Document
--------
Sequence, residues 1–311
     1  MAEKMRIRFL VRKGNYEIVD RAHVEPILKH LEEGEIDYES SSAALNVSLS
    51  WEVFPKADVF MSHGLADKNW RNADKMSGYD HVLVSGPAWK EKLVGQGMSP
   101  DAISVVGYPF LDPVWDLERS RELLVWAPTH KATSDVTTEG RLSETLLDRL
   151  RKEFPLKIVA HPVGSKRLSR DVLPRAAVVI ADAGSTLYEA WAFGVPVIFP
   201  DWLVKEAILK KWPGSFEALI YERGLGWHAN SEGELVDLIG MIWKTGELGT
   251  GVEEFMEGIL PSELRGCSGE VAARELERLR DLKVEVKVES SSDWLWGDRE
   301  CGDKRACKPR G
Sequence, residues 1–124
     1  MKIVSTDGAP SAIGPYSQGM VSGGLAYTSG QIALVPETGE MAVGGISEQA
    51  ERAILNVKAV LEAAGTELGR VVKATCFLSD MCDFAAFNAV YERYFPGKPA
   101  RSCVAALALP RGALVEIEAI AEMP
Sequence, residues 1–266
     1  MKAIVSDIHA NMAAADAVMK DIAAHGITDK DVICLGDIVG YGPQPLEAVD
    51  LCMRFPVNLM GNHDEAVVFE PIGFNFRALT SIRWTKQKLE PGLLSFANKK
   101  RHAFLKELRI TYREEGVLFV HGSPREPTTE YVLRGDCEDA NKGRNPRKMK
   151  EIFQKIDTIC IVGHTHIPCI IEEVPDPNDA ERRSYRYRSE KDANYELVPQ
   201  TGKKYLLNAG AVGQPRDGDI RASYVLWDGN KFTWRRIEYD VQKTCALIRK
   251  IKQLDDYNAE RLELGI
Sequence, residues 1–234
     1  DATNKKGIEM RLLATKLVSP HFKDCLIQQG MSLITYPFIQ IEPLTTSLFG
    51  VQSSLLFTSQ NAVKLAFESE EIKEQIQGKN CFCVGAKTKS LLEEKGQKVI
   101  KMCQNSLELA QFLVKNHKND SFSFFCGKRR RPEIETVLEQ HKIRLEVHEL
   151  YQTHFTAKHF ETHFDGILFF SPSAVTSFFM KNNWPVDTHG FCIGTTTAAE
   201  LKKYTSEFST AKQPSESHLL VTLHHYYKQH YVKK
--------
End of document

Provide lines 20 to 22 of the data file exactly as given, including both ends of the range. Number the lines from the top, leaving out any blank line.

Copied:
Sequence, residues 1–234
     1  DATNKKGIEM RLLATKLVSP HFKDCLIQQG MSLITYPFIQ IEPLTTSLFG
    51  VQSSLLFTSQ NAVKLAFESE EIKEQIQGKN CFCVGAKTKS LLEEKGQKVI